11 July 2017
Q: I have been told I have a hernia and would need surgery which makes me really nervous. I’ve heard some people live with it for years. Is it possible to leave it untreated?
A: You haven't mentioned where your hernia is, but the common places where these can occur are in the groin (femoral and inguinal) and the umbilicus (navel).
A hernia is a weakness in the layers of fibrous tissue and muscle which keep our guts and organs inside the abdomen. An uncomfortable bulging may develop, which is exacerbated by standing and exercise.
Left alone, a hernia will not heal itself and in occasional cases can entrap the bowel which has been freely moving in and out of the bulging lump. Fortunately it is fairly uncommon for bowel to become strangulated in this way but nevertheless it is best to repair hernias to prevent this happening.
These days almost all hernias are repaired using a plastic mesh support. This may be inserted under direct vision (open repair), which can be performed under general anaesthetic or local anaesthetic with sedation. An alternative is laparoscopic (keyhole) surgery where a thin mesh is guided into place within the abdomen under video guidance.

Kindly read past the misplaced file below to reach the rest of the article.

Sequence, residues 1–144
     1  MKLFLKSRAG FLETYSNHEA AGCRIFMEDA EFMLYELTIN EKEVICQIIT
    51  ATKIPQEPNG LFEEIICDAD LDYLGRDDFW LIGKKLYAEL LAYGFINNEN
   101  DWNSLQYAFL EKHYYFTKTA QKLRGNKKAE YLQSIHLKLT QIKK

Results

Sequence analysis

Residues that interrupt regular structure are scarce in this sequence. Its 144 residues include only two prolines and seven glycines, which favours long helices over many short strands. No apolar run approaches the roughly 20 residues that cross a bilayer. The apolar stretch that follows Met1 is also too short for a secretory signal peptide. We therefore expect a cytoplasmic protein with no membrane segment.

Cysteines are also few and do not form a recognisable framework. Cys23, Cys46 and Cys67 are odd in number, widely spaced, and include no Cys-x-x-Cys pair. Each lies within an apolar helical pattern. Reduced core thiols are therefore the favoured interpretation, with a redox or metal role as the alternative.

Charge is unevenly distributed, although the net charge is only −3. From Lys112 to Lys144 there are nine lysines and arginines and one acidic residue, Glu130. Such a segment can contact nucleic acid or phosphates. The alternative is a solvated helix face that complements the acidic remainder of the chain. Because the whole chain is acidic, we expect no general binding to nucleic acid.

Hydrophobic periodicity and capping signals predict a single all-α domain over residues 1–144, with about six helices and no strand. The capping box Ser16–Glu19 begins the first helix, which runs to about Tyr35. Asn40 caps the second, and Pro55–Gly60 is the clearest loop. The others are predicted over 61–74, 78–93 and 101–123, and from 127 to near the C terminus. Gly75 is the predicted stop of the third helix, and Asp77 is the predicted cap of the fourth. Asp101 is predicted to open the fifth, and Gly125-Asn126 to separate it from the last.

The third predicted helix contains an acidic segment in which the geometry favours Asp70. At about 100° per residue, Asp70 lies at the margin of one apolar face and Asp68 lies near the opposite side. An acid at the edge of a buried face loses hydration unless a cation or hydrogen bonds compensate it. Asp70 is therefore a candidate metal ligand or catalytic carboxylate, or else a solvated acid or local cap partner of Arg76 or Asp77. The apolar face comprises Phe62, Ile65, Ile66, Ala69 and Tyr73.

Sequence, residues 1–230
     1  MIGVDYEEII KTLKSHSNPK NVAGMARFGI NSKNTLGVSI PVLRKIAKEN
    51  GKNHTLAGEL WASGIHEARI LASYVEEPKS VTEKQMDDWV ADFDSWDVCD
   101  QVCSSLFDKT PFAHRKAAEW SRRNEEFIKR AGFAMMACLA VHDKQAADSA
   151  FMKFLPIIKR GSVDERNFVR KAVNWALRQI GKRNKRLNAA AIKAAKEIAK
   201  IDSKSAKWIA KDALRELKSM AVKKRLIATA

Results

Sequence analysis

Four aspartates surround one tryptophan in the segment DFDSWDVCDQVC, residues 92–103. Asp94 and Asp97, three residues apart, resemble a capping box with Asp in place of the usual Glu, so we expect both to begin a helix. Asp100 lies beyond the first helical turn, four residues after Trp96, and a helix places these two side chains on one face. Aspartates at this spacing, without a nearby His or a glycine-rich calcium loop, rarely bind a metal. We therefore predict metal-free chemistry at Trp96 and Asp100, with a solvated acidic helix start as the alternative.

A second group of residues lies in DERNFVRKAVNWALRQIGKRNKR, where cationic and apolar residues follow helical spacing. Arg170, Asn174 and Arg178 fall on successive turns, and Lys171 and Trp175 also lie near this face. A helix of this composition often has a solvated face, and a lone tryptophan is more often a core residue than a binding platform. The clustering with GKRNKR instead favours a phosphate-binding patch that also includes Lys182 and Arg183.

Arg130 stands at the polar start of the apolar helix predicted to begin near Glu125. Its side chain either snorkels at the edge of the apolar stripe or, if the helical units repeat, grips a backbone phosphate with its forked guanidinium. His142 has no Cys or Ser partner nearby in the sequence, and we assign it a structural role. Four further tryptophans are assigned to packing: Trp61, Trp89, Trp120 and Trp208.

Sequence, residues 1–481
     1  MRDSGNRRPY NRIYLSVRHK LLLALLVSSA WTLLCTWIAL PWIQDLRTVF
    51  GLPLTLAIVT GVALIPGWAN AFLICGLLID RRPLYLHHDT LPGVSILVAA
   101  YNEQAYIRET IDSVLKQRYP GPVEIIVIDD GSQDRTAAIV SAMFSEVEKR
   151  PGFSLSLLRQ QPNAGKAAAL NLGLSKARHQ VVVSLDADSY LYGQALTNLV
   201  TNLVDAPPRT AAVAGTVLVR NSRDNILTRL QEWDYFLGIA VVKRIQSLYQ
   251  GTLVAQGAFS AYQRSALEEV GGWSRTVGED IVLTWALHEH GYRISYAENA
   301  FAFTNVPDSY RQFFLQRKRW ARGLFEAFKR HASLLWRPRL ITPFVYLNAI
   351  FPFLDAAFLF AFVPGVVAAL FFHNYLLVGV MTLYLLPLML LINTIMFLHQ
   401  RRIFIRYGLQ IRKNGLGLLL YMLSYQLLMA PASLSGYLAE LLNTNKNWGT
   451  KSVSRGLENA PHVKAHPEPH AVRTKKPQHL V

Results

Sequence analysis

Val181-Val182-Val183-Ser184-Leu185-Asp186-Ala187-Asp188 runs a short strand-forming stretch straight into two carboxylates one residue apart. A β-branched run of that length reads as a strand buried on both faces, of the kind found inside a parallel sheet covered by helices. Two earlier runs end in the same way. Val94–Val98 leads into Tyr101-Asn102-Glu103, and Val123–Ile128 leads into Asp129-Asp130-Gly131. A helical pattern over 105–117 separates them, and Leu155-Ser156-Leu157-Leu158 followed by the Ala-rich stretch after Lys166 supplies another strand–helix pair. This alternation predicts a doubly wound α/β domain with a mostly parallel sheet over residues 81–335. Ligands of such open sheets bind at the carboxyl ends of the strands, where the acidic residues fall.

Your surgeon will guide you regarding the advantages of each technique for your own individual hernia. Both repair techniques are performed as day-case procedures and the use of modern mesh support will give you a strong, lasting relief of the problem.
Most patients are able to get back to their daily activities as normal within two weeks. However, if your job requires heavy lifting, your surgeon will be able to advise on a suitable timeframe during your consultation.
Mr Simon Payne is a Consultant General and Vascular Surgeon practising at Spire Portsmouth Hospital.
The content of this article is provided for general information only, and should not be treated as a substitute for the professional medical advice of your doctor or other health care professional.